By Ken Lloyd (Econ’47)
Hanging on the wall in my office is the saying, “Illigitene new carborundum.” Loosely translated this means “Don’t let the bastards get you down.” This relates to my first week at the University of Colorado, fall 1940.
I was in the arts and sciences college. Late in my freshman year I took a course in economics. This opened up a new world for me. I was already interested in political science, so I decided then and there that I would major in both economics and political science. I had some difficulty in both areas as I seemed to disagree with some professors quite often, and I found out later they were liberal Democrats. I did learn that there are always two sides to any subject. I was in the class of 1944, but didn’t get my college degree until 1947 due to a small interruption called World War II.
Some of my classes included chemistry, math, accounting, political science (it’s not really a science), constitutional law, economics of war, money and banking, psychology, European history and American literature. I had some fine professors. Here are some I remember:
Francis Wolle (MA’16) was the Little Theatre director. Also, peculiarly, he taught a math class that I was in. I had done some acting in high school so decided to try out for a part when I was a freshman. Surprisingly, I was given a part in a one act play with one other actor, opposite Peggy Kellerman, a beautiful Hawaiian (never could get a date with her. My acting may have killed that possibility). Two particular events have stayed poignant in my mind ever since. Professor Wolle, a single man, asked me to come to his apartment one evening for coaching. We had a little small talk. Then:
“Take off your shirt and turn around.” He placed his hands on my diaphragm. I nearly panicked.
“Now, breathe deeply, filling your lungs. Now as you exhale, speak from your diaphragm. Let me feel it.”
I settled down and did as I was told. What a difference in my voice — deeper and more resonant. He wasn’t attracted to me after all.
This was a one-act play, Renaissance style. I had to wear fancy, velvet pantaloons and a matching jacket. So Francis Wolle drove me through downtown Boulder to a small bungalow on Pine Street. The living room was filled with cloth in all kinds and colors, plus three sewing machines. Dr. Wolle described to the seamstress the costume he wanted made for me. She took measurements and we left. Rehearsal night the exquisite costume arrived. A perfect fit. That first night, I can’t remember hisses or boos or clapping, but I remember Peggy and the seamstress.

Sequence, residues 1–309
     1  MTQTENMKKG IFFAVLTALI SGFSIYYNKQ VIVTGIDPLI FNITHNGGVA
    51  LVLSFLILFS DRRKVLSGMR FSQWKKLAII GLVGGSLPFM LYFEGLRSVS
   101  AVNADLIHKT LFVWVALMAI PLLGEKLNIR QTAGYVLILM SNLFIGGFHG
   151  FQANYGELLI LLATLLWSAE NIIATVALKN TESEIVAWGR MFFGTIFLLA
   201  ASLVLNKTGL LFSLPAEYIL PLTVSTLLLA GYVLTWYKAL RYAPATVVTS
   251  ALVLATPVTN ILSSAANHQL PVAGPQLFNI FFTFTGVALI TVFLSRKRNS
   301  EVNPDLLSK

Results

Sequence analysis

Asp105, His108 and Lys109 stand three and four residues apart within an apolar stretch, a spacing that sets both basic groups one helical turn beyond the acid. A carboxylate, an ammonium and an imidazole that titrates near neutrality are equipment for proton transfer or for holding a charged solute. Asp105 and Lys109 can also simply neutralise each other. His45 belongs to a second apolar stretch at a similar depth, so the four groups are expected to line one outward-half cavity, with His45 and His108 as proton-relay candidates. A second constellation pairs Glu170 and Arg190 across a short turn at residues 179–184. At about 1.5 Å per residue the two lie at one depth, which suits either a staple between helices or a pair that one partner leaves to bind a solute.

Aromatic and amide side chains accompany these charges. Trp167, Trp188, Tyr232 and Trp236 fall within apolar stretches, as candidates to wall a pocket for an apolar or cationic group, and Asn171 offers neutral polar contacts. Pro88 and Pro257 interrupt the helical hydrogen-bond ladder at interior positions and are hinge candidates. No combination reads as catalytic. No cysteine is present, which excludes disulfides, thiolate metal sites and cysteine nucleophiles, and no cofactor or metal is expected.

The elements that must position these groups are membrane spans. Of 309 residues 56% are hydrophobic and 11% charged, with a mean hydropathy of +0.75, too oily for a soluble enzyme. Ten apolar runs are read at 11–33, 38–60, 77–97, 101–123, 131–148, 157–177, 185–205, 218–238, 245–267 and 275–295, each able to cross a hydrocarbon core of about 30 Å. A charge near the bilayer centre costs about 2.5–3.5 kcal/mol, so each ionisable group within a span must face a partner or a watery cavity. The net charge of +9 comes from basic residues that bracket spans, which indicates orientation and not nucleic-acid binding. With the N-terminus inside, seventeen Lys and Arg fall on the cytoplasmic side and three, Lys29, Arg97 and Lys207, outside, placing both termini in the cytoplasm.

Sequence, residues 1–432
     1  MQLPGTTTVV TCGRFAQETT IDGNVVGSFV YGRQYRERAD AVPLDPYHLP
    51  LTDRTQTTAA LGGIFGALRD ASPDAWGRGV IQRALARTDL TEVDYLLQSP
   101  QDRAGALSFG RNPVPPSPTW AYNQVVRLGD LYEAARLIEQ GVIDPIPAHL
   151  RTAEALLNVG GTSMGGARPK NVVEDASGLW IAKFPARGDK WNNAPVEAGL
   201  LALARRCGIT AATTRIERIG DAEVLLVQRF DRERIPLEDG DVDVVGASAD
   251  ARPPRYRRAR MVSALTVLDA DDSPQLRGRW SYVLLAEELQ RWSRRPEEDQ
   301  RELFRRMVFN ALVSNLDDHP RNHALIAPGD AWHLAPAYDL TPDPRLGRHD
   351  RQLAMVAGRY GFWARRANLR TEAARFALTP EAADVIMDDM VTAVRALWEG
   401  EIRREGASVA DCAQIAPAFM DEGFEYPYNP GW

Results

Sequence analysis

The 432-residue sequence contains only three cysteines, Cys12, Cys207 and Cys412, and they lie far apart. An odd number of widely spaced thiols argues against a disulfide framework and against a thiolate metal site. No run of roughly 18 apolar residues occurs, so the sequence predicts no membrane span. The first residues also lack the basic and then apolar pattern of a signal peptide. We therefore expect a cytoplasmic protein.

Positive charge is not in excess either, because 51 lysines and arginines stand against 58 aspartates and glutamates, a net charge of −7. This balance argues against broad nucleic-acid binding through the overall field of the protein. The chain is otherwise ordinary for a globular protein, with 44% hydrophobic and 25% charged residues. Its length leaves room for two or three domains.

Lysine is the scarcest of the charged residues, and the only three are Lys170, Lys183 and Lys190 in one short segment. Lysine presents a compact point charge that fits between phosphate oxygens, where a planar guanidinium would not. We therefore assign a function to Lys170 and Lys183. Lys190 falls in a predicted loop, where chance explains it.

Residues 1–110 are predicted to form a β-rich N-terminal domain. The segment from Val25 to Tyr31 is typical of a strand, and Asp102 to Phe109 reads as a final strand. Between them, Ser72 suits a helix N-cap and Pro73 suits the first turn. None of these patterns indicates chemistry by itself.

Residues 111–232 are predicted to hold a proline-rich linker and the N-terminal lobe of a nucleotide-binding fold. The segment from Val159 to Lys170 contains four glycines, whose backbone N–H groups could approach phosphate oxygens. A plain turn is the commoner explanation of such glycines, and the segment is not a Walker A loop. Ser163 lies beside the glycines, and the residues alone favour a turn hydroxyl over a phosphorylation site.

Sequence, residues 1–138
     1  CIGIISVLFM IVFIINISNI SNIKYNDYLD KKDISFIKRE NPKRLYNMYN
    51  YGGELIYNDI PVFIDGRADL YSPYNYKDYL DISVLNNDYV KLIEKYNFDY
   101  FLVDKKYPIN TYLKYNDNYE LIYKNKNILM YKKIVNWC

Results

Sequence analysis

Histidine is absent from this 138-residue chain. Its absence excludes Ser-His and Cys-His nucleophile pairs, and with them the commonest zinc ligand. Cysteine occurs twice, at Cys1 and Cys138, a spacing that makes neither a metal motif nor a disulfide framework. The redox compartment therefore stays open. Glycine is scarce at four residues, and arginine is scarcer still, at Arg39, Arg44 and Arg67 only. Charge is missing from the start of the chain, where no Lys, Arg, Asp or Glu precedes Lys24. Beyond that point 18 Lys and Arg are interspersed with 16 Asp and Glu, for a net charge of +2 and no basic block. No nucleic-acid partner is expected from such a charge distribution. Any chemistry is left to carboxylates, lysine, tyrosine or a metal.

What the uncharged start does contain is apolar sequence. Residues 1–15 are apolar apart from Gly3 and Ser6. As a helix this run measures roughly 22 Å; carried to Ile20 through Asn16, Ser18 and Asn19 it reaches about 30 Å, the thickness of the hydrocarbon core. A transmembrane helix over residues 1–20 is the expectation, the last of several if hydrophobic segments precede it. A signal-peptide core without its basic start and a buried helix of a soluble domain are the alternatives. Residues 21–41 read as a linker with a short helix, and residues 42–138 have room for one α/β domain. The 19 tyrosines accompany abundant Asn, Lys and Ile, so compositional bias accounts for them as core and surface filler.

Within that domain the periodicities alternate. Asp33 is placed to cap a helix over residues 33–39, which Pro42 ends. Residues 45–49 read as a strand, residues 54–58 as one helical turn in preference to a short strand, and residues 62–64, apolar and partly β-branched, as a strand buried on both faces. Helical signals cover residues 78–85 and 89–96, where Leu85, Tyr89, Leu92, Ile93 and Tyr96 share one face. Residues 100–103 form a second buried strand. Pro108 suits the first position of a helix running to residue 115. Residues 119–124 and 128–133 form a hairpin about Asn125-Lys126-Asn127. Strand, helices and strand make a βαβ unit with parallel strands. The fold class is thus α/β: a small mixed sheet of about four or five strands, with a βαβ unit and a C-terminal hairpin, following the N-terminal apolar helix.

The seamstress turned out to be Muriel Sibell (MA’30) of the fine arts department and later head of the department and still later the wife of Francis Wolle. Sibell first came to Colorado in 1929 from the East and became entranced with the Rockies and the mining-era ghost towns. In summers for many years she tramped the mountains, researched the history of mining camps and drew charcoal pictures of towns and buildings. Her book, Stampede to Timberline, published in 1949, is an incredible collection of writing and pictures of more than 240 ghost towns. Most have now disappeared with the exception of a few weathered wooden planks.
I learned from this experience never to take a person for granted. Many a seeming seamstress is in truth an artist.
Muriell Sibell accumulated over the years probably the greatest collection of Kachina dolls in the U.S. She donated it to the CU Museum of Natural History where they are currently in storage. Other educators that stand out in my college career:
I had R.G. Gustafson for freshman chemistry lecture. Big physical man. Made chemistry fascinating. Proved to us through chemistry that there was a supreme being. He became the University of Nebraska chancellor.
Then there was Warner Imig, head of the music department. I was a good singer, not great, just good so I joined the University Glee Club. Imig directed. He was easy going but able to get the best out of each of us.
Mrs. Hart and “Captain” Bly Curtis.
I had to work my way through school and since I dated little (my future wife, Peggy, was in Fort Collins) I volunteered to stay after big dinners in the community center and scrub pots and pans. Hart was the supervisor. When she became manager of the Faculty Club on Broadway, she asked me to come and work there for room and board. I readily accepted.
I cleaned off the stairs daily, dumped the trash and cleaned the poker and pool tables in the basement (the only people who played pool were us student employees). For this difficult work I received room and board. To this day I believe I had the best job at the university. And I had the best meals on campus. Sure beat working for a living. Hart had to resign because of back problems. “Captain” Bly Curtis was the head of all the dorms and took over the faculty club. One hour later I was gone. For some reason, she didn’t think I was earning my keep. Uncle Sam wanted me about then so it was OK.
So these are some of the college teachers I remember best–that had the most effect on my life. I thank them. I truly thank them.
In 1944 I was off to the unknown world of war.
I truly enjoyed college—the classes, the sports, the political, the social—all of it. College truly helped me to grow up and expand my horizons. The coming military service would be a major change in my life. Such service was absolutely necessary if America and its allies were to retain democracies and freedoms.
So it is on to the unknown world of war.
P.S.: I truly enjoyed college—the classes, the sports, the political, the social life — all of it. College truly helped me to grow up and expand my horizons. The coming military service would be a major change in my life. Such service was absolutely necessary if America and its allies were to retain democracies and freedoms.